Since Squid Game hit streaming September 17th, 2021, Netflix reports that the South Korean show has become its most-watched series ever.
The massively popular program centers around a tournament in which 459 indebted contestants compete in brutal versions of children's games. The challenges are shockingly violent, but the down-on-their-luck participants are promised a massive prize—if they survive.
If you've already reached the show's shocking ending and are craving more stories with the same bite and brutality, try your luck with one of these books like Squid Game.
1990s novel Battle Royale by Koushun Takami follows a group of junior high students pitted against each other in a deadly fight organized by the Republic of Greater East Asia.
The influential novel has been a source of both acclaim and controversy, and even had its eligibility revoked from the Japan Horror Fiction Awards for its depiction of violence among young people. Battle Royale has since been adapted into a graphic novel series and a film.
RELATED: Shocking Dystopian Fiction Books
Recently adapted into a TV series of the same name, Panic is set in a small town.
Every summer, high schoolers compete in ‘the Panic,’ a town-wide tournament in which the victor receives $50 grand—enough money to let them leave the town of Carp once and for all.
With commentary on the life-ruining potential of debt, the widening differences between the haves and have-nots, and how the vulnerable are exploited for entertainment, Panic reads like a YA Squid Game with less blood.
The Hunger Games
Not surprisingly, some Squid Game viewers have compared it to Suzanne Collins’ dystopian YA series The Hunger Games.
The iconic book series, which has been adapted into a film franchise, follows a group of young people in dystopian future America who are selected for a brutal televised tournament.
This iconic short story "The Lottery" by Shirley Jackson prompted disgust in some readers when it was first published in The New Yorker in 1948.
The story, which is set in a small town that demands regular sacrifices to ensure prosperity for the coming year, has since become a horror classic.
The Most Dangerous Game
A defining entry in the "____ game" genre, this controversial and shocking 1924 novel follows a wealthy man who hunts a shipwreck survivor for sport on a remote island.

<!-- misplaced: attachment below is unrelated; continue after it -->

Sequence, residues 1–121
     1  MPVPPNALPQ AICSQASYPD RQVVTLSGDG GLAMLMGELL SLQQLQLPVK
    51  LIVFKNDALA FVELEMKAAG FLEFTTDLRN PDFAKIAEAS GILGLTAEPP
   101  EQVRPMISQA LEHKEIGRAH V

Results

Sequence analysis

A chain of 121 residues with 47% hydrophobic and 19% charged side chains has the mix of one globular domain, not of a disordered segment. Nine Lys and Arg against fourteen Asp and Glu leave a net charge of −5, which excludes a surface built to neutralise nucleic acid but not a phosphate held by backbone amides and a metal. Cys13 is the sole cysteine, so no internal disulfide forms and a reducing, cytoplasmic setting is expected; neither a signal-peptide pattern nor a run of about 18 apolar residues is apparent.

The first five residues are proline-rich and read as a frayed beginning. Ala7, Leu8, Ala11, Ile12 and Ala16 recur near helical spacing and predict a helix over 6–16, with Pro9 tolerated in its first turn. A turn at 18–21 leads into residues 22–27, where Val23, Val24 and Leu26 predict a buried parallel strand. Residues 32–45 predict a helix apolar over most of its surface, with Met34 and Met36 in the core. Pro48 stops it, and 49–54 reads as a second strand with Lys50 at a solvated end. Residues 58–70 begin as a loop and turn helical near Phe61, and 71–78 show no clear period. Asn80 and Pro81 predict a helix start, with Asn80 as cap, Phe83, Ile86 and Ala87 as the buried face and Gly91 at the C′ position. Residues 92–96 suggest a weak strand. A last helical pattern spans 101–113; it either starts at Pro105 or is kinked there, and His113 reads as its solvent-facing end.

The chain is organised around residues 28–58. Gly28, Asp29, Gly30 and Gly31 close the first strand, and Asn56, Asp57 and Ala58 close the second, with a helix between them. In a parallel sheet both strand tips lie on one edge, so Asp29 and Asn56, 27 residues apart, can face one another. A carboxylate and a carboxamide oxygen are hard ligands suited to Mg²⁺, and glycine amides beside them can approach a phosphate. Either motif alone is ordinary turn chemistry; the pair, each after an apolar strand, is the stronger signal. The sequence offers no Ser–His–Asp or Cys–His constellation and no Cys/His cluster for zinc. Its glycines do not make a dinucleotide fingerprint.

The Telegraph writes that The Most Dangerous Game "has inspired serial killers, films and stirred controversy in schools. A century on, the story continues to thrill."
Squid Game’s depiction of debt and desperation has struck a disconcertingly strong chord with viewers. Kill Code explores similar themes of economic inequity and elitist cruelty.
Before the world was reshaped by climate change, Hogan was a police officer. Now, a paramilitary group that specializes in protecting the rich has offered him a place on their squad. Desperate for steady employment, he agrees to take their notoriously-deadly entrance exam…
The Stories of Ray Bradbury
Part of what’s so shocking about Squid Game is its violent interpretation of childhood games. This aspect of the show might have appealed to Ray Bradbury, who often wrote about the violent potential of childhood.
His short stories such as “The Veldt” and “The Small Assassin” feature terrifying tots, and both of those tales are included in this thorough anthology.
In this novel by Marie Lu—the first in a duology—Warcross is an internationally-beloved VR world.
Emika’s job is to track down people placing illegal bets on the game. But when this bounty hunting isn’t covering her bills, she hacks her way into a major Warcross tournament, and unwittingly achieves viral fame.
Although a YA novel and not nearly as violent and gruesome as Squid Game, Warcross—which draws on Lu's own time in the video game industry—has similar commentary on financial inequities, the appeal of chance, and how a game is never 'just' a game.
If you were appalled by how death entertained VIPs in Squid Game, you might appreciate this novel's commentary on the dangerous potential of voyeurism and tech.
Make Room! Make Room!
The inspiration for the movie Soylent Green, this short story from Harry Harrison is set in an overpopulated and economically divided New York. It explores how the rich consume and subsist on the subjugation of the poor, much like the VIPs in Squid Game.
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